184,000 West Virginians Could Lose Coverage with Partial Affordable Care Act Repeal
An Urban Institute analysis projects 184,000 West Virginians would lose health care coverage under an Affordable Care Act repeal, a 208 percent increase in the number of uninsured.
“The ACA, while not perfect, has become a foundation of health security for thousands of West Virginia families. Its repeal will have a significant impact on the state. But as of now, tens of thousands of West Virginians stand to lose their health care coverage, while the state and health care industry must prepare to lose billions in federal funding,” West Virginia Center on Budget and Policy Senior Policy Analyst Sean O’Leary writes in this blog post. Read.
Call 866.426.2632 and tell Congress health care coverage matters.
“Eliminating the business personal property income tax would be a fiscal disaster,” West Virginia Center on Budget and Policy Senior Policy Analyst Sean O’Leary writes in this blog post. Read.
In recent years, the legislature has passed $425 million in tax cuts, and largely because of those cuts, the state faces a $400 million budget gap.
The WVCBP has shown that there is little evidence that eliminating business personal property taxes significantly increases investment and growth. Instead the eliminations stifle the ability of municipalities, county governments, and school districts to provide needed services.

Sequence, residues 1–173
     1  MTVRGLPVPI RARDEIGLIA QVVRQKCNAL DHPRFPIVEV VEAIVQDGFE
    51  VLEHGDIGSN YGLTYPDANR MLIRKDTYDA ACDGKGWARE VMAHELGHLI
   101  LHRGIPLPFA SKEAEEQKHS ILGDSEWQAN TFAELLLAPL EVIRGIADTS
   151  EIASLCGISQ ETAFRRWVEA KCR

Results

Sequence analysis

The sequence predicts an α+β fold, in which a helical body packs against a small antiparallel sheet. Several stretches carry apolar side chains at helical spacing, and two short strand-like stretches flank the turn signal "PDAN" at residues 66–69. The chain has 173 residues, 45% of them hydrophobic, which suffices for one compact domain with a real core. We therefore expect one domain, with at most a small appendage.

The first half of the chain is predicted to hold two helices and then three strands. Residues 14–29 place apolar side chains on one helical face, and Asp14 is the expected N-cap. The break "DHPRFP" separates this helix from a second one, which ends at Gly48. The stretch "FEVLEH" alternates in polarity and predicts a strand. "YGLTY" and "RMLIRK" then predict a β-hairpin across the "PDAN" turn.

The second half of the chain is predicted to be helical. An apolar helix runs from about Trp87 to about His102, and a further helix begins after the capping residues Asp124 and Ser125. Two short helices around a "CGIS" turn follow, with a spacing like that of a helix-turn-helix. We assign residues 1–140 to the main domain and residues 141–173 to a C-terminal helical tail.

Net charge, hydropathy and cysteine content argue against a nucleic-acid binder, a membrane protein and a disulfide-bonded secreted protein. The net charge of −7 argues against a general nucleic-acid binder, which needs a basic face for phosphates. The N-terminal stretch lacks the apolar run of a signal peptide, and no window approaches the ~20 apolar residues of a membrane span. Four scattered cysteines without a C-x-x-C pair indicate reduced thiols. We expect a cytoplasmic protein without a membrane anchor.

In the News
This week, Revenue Secretary Bob Kiss told lawmakers that West Virginia’s state budget has a “significant structural hole” that will be “north of $400 million” next year that cannot be fixed by across-the-board cuts. Read.
The WVCBP advocates for a more balanced approach to the budget, including revenue generating options such as 3 percent personal income surcharge on households making over $200,000, adequate taxation of natural gas extraction, closing the corporate tax loopholes, raising sin taxes on tobacco, soda, alcohol to name a few.
Eric Dixon writes “Communities Struggling with Decline of Coal Can’t Wait any Longer on RECLAIM Act” in this opinion piece featured in The Hill. Read.
The WVCBP welcomes the advancement of the RECLAIM Act that would invest $1 billion in struggling communities to retrain workers and develop more diversified economies.
We urge you to call Senator Manchin at 202.224.3954 and Senator Capito at 220.224.6472 and ask them to pass legislation to help our communities before it is too late.
West Virginians for Affordable Health Care, the City of Huntington, Marshall University, and the Cabell-Huntington Health Department are hosting a conference on Tuesday, December 13 to discuss solutions to the state’s opioid epidemic.
Learn more here.
Registration is now open for the 4th Annual WVCBP Budget Breakfast — Facing West Virginia’s Budget Challenges: The Road Ahead.
Register here before January 31, 2017 to enjoy a $40 early bird discount.
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